But, it wasn’t all hard truths. David was just setting the audience up for some encouraging remarks. First, he insists that in-house folks need to push back on the “stupid requests” they get from their in-house clients. One of the best ways to do this is to have some sort of charge-back system. This means that others in the company must have a cost or currency associated with requesting work (basically, businesses need to stop treating their in-house teams like teenage sons and asking them to mow the lawn for free). And, if you’re concerned about saying “no” to folks just remember that low attrition rate. You’ll probably be just fine.
David did confirm that the best in-house departments are so good because they have folks staffing and leading them that are truly knowledge experts of that business, something an agency can’t match. These experts just need to own their value and demand a “seat at the table” of leadership in the company. In the end, he recommends being aware that you’re working for the good of the whole company, not just certain people in the company. Work to create the good content you know is needed for your business. As long as you can communicate that intent, real change and good work can happen in-house.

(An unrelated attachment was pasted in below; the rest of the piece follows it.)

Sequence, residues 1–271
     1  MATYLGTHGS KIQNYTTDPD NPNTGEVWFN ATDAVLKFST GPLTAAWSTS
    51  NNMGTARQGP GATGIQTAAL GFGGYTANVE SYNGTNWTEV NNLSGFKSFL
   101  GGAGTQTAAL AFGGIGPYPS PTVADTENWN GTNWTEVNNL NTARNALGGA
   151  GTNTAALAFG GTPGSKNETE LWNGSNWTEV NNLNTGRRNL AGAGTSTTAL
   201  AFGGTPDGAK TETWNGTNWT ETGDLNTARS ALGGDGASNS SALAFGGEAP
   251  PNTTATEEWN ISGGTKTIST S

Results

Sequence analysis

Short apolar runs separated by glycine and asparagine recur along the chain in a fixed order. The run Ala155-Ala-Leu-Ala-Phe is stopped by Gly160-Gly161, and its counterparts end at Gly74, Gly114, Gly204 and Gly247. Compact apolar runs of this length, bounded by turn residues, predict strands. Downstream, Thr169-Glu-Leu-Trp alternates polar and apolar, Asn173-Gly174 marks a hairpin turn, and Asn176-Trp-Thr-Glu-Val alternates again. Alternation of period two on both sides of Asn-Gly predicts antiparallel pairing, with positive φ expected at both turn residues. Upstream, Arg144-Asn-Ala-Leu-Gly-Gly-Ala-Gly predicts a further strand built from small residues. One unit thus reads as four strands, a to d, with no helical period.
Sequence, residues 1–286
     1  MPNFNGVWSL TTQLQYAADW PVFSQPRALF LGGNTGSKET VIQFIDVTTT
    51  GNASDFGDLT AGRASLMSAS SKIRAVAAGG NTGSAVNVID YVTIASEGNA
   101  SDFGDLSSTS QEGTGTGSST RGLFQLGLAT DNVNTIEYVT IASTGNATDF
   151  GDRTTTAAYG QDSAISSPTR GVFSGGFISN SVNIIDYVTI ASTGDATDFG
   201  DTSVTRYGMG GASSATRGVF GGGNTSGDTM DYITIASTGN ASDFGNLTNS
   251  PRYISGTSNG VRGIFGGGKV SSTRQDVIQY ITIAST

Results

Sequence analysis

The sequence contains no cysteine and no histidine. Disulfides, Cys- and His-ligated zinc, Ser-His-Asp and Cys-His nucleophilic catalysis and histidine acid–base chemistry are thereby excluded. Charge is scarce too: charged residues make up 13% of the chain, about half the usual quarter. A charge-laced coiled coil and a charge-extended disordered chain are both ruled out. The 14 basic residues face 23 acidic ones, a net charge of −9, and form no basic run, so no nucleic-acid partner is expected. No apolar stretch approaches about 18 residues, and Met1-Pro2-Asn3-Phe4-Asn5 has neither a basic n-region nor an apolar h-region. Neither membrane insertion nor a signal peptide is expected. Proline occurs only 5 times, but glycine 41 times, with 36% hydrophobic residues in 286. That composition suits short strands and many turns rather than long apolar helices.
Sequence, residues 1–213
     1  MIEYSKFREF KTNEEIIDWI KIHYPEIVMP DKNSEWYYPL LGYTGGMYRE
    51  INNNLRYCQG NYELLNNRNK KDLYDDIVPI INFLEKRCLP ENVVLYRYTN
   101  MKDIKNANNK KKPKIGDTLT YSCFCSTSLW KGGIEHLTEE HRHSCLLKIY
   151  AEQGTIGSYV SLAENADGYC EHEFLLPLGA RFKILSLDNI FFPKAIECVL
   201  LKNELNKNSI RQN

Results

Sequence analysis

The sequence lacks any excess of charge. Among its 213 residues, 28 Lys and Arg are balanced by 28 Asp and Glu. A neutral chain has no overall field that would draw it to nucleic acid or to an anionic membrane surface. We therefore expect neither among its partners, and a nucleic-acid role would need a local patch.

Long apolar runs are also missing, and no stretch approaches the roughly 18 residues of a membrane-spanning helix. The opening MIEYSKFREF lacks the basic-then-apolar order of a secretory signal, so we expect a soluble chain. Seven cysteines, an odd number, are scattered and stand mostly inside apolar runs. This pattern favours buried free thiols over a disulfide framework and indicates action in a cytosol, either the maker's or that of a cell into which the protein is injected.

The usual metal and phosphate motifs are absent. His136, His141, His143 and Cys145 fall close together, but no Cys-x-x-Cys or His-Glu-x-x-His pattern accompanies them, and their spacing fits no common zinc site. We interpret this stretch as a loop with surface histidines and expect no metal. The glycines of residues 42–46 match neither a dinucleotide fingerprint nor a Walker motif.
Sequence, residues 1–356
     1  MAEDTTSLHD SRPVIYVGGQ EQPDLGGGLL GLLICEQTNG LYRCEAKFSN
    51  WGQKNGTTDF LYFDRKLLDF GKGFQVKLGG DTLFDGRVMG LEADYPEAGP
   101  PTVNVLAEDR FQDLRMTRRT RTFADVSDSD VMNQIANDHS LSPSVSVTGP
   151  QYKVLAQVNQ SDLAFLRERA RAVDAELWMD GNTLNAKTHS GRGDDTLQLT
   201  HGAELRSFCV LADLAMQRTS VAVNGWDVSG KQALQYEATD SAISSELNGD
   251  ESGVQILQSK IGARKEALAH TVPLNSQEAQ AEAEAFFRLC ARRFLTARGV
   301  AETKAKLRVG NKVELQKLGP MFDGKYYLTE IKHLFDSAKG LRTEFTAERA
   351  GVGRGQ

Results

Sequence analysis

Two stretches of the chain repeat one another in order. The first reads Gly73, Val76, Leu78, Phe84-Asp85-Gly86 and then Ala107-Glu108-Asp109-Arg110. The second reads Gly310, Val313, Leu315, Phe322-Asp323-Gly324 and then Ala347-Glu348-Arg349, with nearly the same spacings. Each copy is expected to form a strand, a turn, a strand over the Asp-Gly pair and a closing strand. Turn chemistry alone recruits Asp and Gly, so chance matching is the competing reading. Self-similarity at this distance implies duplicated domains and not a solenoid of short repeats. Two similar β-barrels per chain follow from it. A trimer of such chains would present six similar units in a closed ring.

Leslie Camacho: Husband, Father, Nerd
Our third and final speaker for the day was Leslie Camacho, CEO of EllisLab, Inc., which makes ExpressionEngine, CodeIgniter, and a bunch of other useful tools for managing websites. We’re proud users of ExpressionEngine here at Paramore.
Leslie began by explaining that his job was like most of ours (or what it should be); he translates “Nerd” to folks who don’t speak it. It’s critical to seek to do this and not try to hide behind our technology. In fact, if Leslie had to sum up his talk in one word it would be “empathy.” Empathy with your customers and users, with your non-technical colleagues, with each other in general. This will help create what he calls a “shared language.”
Psst, the secret is content